This year’s flu season has 3 different vaccine options. Your healthcare provider can recommend the option that is best for you.

Yes. Children older than 6 months are eligible to receive the flu shot. It is safe and recommended for children.

Infants younger than 6 months are not eligible to be vaccinated. Parents (including pregnant women and breastfeeding mothers) and caregivers are strongly encouraged to get a flu shot so they do not spread the flu virus to children who are too young to be vaccinated. Infants are more likely to become sicker and face more complications if they contract the flu virus.

Pregnant women should be vaccinated because the flu virus may be harmful to an unborn baby.

Yes. The flu vaccine and the COVID-19 vaccine are different vaccines that protect against different viruses. It is safe and recommended to get both vaccines. The vaccines can keep you from getting sick, and can keep you out of the hospital and prevent you from dying. Experts believe that the flu shot can also protect you from certain COVID-19 complications including stroke, sepsis and deep vein thrombosis (DVT).

Yes. The Centers for Disease Control (CDC) now says that the COVID-19 vaccine (including booster shots) can be given at the same time as other vaccines, including the flu vaccine. No negative interactions between the COVID-19 and flu vaccines have been reported.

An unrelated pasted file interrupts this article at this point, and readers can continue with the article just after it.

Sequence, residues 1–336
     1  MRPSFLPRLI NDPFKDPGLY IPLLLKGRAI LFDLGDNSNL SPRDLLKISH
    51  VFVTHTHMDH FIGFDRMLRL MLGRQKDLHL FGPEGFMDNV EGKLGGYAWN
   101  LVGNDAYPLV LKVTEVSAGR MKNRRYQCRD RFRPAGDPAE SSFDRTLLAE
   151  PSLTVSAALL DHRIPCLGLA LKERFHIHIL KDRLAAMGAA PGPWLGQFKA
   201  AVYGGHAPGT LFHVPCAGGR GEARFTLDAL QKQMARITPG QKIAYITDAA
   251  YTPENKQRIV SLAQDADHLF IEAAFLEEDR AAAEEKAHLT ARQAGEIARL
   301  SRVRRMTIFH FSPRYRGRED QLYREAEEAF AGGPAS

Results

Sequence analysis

Initially, there was limited data about the interaction between the two vaccines, so the CDC recommended a 14-day waiting period between vaccines. Now, more data has been gathered and the CDC changed its guidance based on demonstrated safety. It is safe to receive both the COVID-19 and flu vaccines at the same time.

September and October are ideal times to get the flu vaccine. It is important to be vaccinated before the flu viruses begin to spread within your community. Remember, it takes about two weeks after receiving the flu vaccine for antibodies to develop and provide protection.

Some children (ages 6 months through 8 years) need two doses of the vaccine that must be given at least 4 weeks apart. It is important to get the first dose as soon as possible so that the second dose can be given by late October.